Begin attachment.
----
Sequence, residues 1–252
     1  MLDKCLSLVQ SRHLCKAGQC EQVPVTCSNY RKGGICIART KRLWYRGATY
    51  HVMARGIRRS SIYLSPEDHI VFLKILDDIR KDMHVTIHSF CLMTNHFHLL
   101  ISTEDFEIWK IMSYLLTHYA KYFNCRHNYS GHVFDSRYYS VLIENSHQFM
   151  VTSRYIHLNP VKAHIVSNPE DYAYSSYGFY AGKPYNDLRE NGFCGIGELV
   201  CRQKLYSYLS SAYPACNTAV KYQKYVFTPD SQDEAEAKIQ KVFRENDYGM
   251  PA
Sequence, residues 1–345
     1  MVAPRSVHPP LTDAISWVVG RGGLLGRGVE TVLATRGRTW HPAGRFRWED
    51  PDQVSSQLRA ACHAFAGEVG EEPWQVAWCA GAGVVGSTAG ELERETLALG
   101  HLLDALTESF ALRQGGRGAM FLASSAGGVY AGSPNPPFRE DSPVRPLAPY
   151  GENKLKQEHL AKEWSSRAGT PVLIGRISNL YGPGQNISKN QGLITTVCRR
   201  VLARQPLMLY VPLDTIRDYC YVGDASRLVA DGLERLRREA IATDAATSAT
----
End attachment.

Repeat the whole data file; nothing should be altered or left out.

Sequence, residues 1–252
     1  MLDKCLSLVQ SRHLCKAGQC EQVPVTCSNY RKGGICIART KRLWYRGATY
    51  HVMARGIRRS SIYLSPEDHI VFLKILDDIR KDMHVTIHSF CLMTNHFHLL
   101  ISTEDFEIWK IMSYLLTHYA KYFNCRHNYS GHVFDSRYYS VLIENSHQFM
   151  VTSRYIHLNP VKAHIVSNPE DYAYSSYGFY AGKPYNDLRE NGFCGIGELV
   201  CRQKLYSYLS SAYPACNTAV KYQKYVFTPD SQDEAEAKIQ KVFRENDYGM
   251  PA
Sequence, residues 1–345
     1  MVAPRSVHPP LTDAISWVVG RGGLLGRGVE TVLATRGRTW HPAGRFRWED
    51  PDQVSSQLRA ACHAFAGEVG EEPWQVAWCA GAGVVGSTAG ELERETLALG
   101  HLLDALTESF ALRQGGRGAM FLASSAGGVY AGSPNPPFRE DSPVRPLAPY
   151  GENKLKQEHL AKEWSSRAGT PVLIGRISNL YGPGQNISKN QGLITTVCRR
   201  VLARQPLMLY VPLDTIRDYC YVGDASRLVA DGLERLRREA IATDAATSAT